colliery, pit head, rust

Rusty twins

As much a symbol of Lorraine as of the Saarland. And the economics would appear to be similarly unrosy.


abandonment, coal mine, twilight

No window left unbroken

Carreau Wendel, an old coal mine in Petite Roselle, France, now the home of a museum and a minor tourist attraction. Petite Roselle is like Grosbliederstroff: it has a similarly named twin just the other side of the border - Großrosseln, where there is also a disused coal mine, which is not so photogenically abandoned.


autobahn, concrete

Concrete curve

Autobahn A620, the main traffic artery of Saarbrücken, creates its own concrete landscape along the south bank of the Saar. There are plans (Stadtmitte am Fluss) to bury this autobahn in a tunnel, changing the aesthetics, dampening the noise and sparing the autobahn from the regular flooding it now suffers.


roadworks, rust

Rusty tentacle

Yes, they also dig up roads in Saarbrücken. And here is an example of some of the metallic lifeforms they find.


bunker, war, woods

Bunker 316

Part of the Westwall (Siegfried Line), the series of over 18,000 bunkers, tunnels and tank traps built by Hitler in the 1930s from the Swiss to the Dutch borders. Most have now disappeared and this is the only one left in Saarbrücken. The interior can be seen in the Saar Lorraine Location Guide.


Brebach through the trees: through the wilderness of the St Arnualer Wiesen you can see the typical whitewashed houses of Brebach. There is no path down to the water in the foreground. It seems almost untouched.


Blue bridge from a green meadow: the bridge in question is the Ostspange and the meadow is the Sankt Arnualer Wiesen, which is a little peninsula made from the rubble of bombed buildings and sediment dredged from the Saar. The town had great plans to develop this area with a market and sports arena, but the plans came to nothing and since 1984 it has officially been given over to the bees and the butterflies as a recognised nature reserve.


Remains of Empire: fourth century stones from a Roman fortress.

A Gallo-Roman settlement arose here in the first century AD at the crossing point of two important roads - Worms-Metz and Strasbourg-Trier. To improve communications, a stone bridge across the Saar was constructed and in the fourth century work started on a military camp, whose ruins can be seen above. It is thought that the fortress was never fully completed. By the fifth century it had been destroyed and the bridge, too, fell into disrepair. For ten centuries after that ferries and fords were only way to cross the Saar.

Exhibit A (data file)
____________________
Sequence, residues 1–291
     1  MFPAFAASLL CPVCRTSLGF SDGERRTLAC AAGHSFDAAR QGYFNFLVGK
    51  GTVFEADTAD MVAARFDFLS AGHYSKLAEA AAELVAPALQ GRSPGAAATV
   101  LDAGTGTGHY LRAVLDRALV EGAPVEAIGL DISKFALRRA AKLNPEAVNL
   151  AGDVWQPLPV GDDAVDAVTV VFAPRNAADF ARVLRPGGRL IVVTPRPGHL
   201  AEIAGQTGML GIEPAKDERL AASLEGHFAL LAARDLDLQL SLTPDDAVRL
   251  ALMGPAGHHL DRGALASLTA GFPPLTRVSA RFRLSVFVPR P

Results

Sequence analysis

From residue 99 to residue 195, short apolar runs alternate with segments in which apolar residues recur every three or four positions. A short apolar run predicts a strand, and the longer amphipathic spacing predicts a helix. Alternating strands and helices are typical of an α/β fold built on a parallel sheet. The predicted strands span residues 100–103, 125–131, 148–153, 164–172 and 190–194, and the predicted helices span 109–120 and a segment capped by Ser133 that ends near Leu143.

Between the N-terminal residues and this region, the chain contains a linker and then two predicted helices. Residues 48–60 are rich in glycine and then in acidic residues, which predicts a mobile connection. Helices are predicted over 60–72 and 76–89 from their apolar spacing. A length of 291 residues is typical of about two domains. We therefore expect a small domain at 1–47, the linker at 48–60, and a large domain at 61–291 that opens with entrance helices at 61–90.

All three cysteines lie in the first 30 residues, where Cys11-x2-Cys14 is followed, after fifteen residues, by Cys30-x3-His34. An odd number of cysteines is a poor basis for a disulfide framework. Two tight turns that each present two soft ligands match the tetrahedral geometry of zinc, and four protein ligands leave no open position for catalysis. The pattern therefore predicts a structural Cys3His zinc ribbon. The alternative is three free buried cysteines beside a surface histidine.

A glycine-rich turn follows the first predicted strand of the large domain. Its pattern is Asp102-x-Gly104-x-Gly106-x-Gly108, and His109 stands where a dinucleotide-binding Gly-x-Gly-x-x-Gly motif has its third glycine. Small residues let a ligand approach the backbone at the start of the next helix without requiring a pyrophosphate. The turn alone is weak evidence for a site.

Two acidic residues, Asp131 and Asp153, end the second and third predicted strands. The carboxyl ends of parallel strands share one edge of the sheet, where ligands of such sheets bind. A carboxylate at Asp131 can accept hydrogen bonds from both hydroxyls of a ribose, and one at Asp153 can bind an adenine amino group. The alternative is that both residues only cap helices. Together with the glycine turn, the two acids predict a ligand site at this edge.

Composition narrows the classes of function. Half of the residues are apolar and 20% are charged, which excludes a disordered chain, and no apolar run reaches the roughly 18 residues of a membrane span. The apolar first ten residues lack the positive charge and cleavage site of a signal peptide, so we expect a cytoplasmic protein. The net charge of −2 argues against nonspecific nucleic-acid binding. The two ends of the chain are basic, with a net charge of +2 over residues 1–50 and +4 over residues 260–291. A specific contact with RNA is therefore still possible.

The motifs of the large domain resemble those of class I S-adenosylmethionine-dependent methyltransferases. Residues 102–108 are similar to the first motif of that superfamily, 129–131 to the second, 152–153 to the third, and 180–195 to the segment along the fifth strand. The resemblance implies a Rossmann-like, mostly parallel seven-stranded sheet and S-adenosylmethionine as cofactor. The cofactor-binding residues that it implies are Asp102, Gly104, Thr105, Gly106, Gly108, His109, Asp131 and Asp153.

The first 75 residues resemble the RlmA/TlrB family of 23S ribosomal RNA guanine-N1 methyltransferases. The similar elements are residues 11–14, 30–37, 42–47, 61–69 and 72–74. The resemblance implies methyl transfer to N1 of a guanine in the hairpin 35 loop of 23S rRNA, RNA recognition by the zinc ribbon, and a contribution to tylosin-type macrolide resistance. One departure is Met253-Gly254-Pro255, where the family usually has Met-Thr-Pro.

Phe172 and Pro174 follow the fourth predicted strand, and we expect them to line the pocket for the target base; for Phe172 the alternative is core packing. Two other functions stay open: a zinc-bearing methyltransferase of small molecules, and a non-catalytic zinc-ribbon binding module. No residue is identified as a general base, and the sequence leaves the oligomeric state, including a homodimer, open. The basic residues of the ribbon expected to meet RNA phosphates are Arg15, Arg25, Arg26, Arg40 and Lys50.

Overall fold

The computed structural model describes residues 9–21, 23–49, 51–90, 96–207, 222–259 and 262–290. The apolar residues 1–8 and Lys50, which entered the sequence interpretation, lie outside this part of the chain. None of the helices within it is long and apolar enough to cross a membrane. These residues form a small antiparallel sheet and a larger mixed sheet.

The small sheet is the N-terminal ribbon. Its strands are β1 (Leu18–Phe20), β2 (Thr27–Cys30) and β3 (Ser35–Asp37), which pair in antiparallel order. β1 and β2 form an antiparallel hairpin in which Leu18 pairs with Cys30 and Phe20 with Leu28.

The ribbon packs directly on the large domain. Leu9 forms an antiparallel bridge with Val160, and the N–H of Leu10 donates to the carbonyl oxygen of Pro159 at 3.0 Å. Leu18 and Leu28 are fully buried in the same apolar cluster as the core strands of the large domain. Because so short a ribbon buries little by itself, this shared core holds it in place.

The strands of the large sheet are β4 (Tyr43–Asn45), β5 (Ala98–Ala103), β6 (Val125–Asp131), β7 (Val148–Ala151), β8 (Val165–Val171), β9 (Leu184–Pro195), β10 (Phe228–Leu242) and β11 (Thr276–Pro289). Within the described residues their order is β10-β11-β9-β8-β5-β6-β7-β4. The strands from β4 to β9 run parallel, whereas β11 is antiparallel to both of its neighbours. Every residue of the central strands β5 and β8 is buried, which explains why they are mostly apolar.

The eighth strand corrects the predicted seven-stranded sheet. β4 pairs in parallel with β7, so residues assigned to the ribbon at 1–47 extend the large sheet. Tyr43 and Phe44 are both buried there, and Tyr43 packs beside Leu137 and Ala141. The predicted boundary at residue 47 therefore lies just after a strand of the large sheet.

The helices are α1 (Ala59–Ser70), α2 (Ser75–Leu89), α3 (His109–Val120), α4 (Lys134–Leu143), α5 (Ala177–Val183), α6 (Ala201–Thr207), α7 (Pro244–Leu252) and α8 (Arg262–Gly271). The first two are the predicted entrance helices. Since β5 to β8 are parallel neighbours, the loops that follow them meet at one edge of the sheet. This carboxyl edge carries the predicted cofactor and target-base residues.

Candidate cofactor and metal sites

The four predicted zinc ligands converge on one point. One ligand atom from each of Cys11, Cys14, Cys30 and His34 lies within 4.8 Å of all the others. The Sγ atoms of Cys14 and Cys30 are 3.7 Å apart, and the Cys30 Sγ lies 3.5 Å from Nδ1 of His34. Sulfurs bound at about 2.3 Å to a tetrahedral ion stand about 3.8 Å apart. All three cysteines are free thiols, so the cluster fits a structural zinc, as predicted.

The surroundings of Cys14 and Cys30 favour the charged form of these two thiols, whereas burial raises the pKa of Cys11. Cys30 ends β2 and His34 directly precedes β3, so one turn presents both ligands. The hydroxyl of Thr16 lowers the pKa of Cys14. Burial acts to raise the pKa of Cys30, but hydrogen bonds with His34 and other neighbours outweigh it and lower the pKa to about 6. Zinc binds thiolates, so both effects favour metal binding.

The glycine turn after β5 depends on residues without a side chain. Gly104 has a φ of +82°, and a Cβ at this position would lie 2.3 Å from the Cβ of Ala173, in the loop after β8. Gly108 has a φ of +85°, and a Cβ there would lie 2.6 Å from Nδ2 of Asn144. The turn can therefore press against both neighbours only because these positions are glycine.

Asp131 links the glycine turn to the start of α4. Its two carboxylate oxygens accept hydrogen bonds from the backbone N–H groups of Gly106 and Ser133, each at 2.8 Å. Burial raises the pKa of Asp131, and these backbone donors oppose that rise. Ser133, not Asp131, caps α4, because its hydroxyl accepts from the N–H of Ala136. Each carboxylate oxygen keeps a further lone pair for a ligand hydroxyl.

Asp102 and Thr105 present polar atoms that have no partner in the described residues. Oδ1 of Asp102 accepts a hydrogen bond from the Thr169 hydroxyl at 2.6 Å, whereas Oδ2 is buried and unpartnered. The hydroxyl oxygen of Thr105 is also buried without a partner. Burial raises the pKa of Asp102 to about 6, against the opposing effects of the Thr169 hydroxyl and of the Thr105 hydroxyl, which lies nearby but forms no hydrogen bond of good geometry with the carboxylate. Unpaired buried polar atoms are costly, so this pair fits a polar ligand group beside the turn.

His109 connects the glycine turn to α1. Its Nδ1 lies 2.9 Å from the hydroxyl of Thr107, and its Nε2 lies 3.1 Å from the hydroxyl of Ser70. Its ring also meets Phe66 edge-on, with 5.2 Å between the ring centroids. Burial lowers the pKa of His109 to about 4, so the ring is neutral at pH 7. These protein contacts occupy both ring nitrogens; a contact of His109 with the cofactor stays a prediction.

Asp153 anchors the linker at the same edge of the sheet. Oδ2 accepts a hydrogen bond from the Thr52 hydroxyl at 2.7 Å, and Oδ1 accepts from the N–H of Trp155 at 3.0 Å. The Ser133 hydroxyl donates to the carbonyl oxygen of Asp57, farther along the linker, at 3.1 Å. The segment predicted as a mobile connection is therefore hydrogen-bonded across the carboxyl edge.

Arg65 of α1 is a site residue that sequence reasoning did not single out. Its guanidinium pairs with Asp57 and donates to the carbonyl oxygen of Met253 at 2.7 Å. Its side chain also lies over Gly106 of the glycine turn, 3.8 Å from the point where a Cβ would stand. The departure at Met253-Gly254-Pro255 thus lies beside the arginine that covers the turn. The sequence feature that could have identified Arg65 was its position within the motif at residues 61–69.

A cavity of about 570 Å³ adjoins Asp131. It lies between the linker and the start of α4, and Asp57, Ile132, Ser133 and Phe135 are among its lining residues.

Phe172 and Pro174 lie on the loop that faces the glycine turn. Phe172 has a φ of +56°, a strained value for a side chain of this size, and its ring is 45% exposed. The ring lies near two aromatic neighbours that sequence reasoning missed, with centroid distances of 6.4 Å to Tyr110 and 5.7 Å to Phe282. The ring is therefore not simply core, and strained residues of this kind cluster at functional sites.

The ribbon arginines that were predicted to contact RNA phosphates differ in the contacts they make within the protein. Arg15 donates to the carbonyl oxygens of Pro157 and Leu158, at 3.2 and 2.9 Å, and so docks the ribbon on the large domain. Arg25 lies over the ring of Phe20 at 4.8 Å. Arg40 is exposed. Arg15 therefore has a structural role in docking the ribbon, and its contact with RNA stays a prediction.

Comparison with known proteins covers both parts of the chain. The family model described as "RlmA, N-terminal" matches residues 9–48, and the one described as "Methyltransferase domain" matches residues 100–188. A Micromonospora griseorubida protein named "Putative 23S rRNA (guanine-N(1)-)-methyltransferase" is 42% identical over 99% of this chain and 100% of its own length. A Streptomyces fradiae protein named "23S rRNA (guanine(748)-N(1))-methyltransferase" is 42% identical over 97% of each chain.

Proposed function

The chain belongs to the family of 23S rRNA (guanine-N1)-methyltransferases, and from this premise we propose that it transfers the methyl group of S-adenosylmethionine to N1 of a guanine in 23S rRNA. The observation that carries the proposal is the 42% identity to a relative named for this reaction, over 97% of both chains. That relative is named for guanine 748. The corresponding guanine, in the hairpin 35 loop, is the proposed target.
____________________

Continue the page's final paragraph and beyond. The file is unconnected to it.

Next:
Silo through the trees: twentieth century concrete seen from fifth century ruins.


A symbol of Saarland: although the last remaining pits are scheduled to close and the centuries long mining tradition will be no more.


Endless iron and graffiti: a bridge across the Saar next to the iron works.

Click the photo to get a larger version and see the rust in its glorious detail.


The last train has departed: tracks that used to serve the iron works where the saftey sign photo was taken.


Eigene Vorsicht, beste Sicherheit: own care, best safety.

This is another site in Burbach, where an old iron factory is being redeveloped as offices and warehouses.


Rusty barge: moored underneath the Kunstsilo and not, apparently, licensed to move from the spot.


Kunstsilo (Art Silo): this silo can be seen in 2009-02-09, but this time the shot was taken from a boat. After being used in 90's as a great scene for techno parties, it now offers workshops for artists. It has its own web site with links to repurposed silos around the world. Photos of the inside can be found on Urban Culture.


Muggers' paradise: a little used pedestrian tunnel under the main railway station.


Rainy layers: lush grass, white tree blossom and dark clouds on a rainy day in Spring. Location: almost exactly on the Franco-German border between Reinsheim and Bliesbruck.